Monday, October 3, 2011

Study guide for the naturalization test

The INS gives a booklet for people to study when they prepare the test taken to become a US citizen. There are one hundred questions whose answers must be memorized, of which about 30 pertain to history. On first look, the questions and answers seemed pretty well-written, simple but important.

Only upon reflection does one realize that what matters is not what is there but what is not there. It is those omissions that best reveal bias.

The choices are guided by the following considerations: "By learning our shared history, you will be able to understand our nation's traditions, milestones, and common civic values. Our country is independent because of the strength, unity, and determination of our forefathers. It is important for future Americans to know this story. We are people working towards great ideals and principles guided by equality and fairness. This is important to keep our country free."

There are exactly 3 Q&A about the history before the war of Independence. Here they are:
- Q: What is one reason colonists came to America?
- A: Freedom, political liberty, religious freedom, economic opportunity, to practice their religion, or to escape persecution.
- Q: Who lived in American before the Europeans arrived?
- A: American Indians, or Native Americans.
- Q: What group of people was taken to American and sold as slaves?
- A: Africans, or people from Africa.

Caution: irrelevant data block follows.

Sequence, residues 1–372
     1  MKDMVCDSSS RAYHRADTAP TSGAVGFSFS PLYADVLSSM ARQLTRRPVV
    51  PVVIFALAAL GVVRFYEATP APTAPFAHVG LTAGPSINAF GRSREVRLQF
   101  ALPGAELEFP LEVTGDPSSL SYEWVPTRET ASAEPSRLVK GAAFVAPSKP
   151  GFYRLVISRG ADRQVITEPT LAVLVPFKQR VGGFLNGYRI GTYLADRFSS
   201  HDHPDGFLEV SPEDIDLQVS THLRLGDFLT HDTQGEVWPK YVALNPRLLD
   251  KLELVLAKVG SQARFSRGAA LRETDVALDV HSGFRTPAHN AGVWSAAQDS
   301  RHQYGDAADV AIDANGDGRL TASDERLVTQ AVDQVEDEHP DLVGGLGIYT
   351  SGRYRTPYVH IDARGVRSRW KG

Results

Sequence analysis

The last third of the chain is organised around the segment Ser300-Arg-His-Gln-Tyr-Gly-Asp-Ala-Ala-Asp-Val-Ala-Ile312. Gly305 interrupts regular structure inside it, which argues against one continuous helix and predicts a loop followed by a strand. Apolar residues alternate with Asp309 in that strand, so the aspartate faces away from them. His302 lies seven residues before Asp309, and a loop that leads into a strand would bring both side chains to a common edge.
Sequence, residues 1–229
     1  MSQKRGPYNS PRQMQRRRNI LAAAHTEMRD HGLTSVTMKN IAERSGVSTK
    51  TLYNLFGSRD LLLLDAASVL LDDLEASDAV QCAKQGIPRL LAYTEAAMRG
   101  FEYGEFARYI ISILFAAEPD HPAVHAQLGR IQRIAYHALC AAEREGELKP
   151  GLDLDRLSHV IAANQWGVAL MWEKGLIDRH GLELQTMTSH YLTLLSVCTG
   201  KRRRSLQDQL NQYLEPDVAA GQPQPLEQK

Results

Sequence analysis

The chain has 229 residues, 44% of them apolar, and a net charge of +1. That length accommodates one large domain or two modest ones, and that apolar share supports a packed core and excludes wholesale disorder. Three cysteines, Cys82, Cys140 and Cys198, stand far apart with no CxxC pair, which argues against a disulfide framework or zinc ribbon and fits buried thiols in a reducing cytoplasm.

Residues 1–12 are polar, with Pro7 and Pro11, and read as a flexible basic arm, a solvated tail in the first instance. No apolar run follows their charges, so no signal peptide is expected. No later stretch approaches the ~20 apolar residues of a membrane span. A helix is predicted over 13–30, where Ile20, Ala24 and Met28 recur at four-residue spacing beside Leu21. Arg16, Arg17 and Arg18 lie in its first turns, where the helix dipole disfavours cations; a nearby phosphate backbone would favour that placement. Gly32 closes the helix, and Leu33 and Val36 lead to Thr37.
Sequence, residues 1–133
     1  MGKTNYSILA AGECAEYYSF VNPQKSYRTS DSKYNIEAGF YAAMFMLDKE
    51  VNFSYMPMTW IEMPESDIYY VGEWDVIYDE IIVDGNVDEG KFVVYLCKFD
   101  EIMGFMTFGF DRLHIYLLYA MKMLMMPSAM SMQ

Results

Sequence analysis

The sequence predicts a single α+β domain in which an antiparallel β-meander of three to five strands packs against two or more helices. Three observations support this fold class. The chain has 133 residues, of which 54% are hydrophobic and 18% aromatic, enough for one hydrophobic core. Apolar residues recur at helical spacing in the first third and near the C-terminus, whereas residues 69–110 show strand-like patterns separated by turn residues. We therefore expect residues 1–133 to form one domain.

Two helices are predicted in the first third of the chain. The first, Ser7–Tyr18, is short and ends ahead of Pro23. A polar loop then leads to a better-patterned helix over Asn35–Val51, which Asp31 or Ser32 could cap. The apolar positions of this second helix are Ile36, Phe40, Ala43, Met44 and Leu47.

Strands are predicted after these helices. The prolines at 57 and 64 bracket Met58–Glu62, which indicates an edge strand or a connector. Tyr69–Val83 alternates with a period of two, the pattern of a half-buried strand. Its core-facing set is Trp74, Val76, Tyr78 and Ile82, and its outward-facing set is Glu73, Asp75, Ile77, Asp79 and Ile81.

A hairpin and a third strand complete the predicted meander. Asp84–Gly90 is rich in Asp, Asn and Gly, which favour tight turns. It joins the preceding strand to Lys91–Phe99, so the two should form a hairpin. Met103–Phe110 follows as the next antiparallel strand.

Christopher Columbus has disappeared from the list of basic facts of American history, as though his legacy did not matter.
There are 57 questions about the US federal and state governments, but not a single mention of the United Nations.
There is a question about who the US fought during WWII, but no mention of who the Allies were.


  1. Conjecture:
    They leave out Columbus because he is now seen as
    an exploiter of the Native Americans and a bad guy, and we CARE about the Native Americans.

    They leave out the Native Americans because they don't really care about them- they left out
    Columbus as a token gesture.

    Also- with only a limited number of questions it is hard to know what to include and exclude.
    A bias towards recent things is okay, like the UN.
    OH, they left that out too? NeverMind.

  2. The UN isn't part of the United States. The test could also ask questions about South American geography, but that doesn't seem very relevant. Less flippantly, most questions about the UN that an American could be expected to answer could be answered equally well by anyone around the world. It is, after all, a global organization. So asking about it does not really test anything specific to the US.

  3. Anonymous: isn't the UN the venue within which to deal with other nations and international law -- the interface between a country and the rest of the world, the place where agreements are signed and multi-nation politics and diplomacy take place? In a global world, where decisions have impact beyond one's frontiers, it is really important to have a body with that role. The US have a privileged place within it, as permanent members of the security council. With 100 questions available, wouldn't that be worth mentioning?

  4. The UK equivalent test has questions like "you are in the pub and you spill someone's beer. What happens next?"

    A: You would offer to buy the person another pint
    B: You would offer to dry their wet shirt with your own
    C: You may need to prepare for a fight in the car park


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